Dr. Hart wanted his Hart Square village to live on long after he was gone.

Hence, the Hart Square Foundation, a non-profit organization, maintains the village and the preservation of Hart Square for generations to come. It also offers educational programs and historical events throughout the calendar year: a small paid staff and hundreds of volunteers specializing in historic preservation, construction, and crafts.

Hart Square is ordinarily open to the general public only once a year, on the fourth Saturday of October. However, there’s now the opportunity for people to become members of the Hart Square Foundation.

Members have access to the village more often through a series of special events. (see below)

These funds provide the opportunity to share the history and beauty of the village. In addition, the membership revenue continues the preservation and maintenance of the structures and their interiors.



Everyone in Catawba County has a Bob Hart story.

And many of them surround Bob Hart’s lovely and very understanding wife, Rebecca Holstein-Hart. All around the world, men can come up with some pretty crazy ideas. Thank God for women like Rebecca Hart who continue to stand like Dr. Bob Hart when we go off on a tangent.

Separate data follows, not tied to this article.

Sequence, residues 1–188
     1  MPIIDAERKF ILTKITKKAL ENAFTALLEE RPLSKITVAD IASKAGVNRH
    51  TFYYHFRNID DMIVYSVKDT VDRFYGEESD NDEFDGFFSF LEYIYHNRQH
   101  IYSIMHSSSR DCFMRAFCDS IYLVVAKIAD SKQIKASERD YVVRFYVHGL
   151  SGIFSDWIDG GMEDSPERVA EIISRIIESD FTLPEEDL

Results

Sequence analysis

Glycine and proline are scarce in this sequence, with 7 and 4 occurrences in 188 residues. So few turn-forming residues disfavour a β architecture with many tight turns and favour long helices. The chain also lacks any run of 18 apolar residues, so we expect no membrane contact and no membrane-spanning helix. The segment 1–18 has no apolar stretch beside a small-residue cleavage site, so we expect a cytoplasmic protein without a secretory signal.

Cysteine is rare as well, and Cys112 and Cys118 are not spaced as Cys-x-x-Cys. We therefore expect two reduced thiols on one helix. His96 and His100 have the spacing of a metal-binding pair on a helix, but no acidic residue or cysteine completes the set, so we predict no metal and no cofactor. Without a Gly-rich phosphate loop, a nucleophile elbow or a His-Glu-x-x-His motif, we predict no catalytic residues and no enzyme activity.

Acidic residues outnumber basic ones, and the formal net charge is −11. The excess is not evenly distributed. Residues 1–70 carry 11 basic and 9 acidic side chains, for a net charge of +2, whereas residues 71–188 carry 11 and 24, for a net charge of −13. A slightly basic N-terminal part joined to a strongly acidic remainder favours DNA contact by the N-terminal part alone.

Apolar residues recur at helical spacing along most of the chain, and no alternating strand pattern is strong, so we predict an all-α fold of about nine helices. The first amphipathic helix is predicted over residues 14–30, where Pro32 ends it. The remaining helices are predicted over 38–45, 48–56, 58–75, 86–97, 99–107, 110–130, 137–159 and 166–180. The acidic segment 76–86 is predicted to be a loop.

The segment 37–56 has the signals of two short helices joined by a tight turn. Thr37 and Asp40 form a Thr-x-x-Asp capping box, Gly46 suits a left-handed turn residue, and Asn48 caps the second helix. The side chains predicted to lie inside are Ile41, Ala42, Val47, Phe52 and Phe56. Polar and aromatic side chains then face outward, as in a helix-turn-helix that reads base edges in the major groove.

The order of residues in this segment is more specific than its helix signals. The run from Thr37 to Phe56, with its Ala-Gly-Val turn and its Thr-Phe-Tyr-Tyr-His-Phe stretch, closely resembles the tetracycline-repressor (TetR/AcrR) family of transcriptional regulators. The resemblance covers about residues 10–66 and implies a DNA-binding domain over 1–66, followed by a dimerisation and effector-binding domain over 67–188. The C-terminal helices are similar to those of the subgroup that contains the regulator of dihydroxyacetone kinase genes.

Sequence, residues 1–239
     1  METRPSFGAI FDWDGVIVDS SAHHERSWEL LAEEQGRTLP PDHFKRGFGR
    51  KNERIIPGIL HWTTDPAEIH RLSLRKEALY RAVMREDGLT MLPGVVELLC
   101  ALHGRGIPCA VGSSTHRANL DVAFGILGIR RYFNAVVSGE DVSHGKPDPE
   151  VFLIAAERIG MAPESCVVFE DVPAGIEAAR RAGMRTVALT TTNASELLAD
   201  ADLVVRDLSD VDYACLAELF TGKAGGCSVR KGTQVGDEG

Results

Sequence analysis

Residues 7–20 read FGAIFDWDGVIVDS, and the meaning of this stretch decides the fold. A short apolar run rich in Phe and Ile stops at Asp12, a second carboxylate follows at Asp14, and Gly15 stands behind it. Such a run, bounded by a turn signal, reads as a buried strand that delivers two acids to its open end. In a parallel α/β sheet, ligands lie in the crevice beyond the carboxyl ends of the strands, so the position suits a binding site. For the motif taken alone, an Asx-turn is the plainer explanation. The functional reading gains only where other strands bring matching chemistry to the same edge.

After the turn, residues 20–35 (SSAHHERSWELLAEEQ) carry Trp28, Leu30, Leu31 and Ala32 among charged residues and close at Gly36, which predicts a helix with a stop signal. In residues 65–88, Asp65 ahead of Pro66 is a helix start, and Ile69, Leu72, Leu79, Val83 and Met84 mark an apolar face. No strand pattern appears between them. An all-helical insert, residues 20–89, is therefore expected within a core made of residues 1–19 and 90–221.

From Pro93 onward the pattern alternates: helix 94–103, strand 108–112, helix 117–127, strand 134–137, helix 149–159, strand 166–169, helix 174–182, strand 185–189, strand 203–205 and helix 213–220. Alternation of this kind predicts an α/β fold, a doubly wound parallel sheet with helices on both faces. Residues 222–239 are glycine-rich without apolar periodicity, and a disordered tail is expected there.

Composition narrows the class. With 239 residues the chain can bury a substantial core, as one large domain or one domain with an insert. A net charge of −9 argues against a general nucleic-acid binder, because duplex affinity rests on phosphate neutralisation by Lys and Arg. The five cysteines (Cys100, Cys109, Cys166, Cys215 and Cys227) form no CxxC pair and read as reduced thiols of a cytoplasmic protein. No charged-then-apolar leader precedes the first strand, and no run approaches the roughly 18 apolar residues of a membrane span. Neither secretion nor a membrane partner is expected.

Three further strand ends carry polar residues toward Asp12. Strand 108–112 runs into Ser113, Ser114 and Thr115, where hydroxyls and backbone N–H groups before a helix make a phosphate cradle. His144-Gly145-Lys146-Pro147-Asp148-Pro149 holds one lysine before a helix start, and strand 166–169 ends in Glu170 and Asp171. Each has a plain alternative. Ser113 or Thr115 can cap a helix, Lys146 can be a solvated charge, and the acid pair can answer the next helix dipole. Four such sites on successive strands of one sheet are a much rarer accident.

She stood by and understood a truly remarkable accomplishment of one man’s dream.

What Bob Hart and his family did is truly remarkable on many levels.

There is an old expression that goes, “Life was more simple back then.” But, staying alive by feeding your family and keeping them warm and healthy was no simple task. It was a constant struggle bringing food to the table, stoking wood fires in the home while making sure nobody was sick. Or you were caring for those that were.

In these times we now live it is so important to reflect on just how difficult life was for those who came before us. People pulled together for survival. They had to. United they stood, divided they would fall.

Bob Hart passed away on March 15, 2020.

Everybody involved agrees there wouldn’t be a Hart Square Village were it not for Dr. Hart. There wouldn’t be a festival, either, were it not for him and the hundreds of volunteers and artisans who gather to share what life may have been like in North Carolina in the 19th century.

Those who were there back in 2019 might remember Dr. Hart in his signature red suspenders bouncing along in his golf cart supervising the event, making sure everyone has a good time.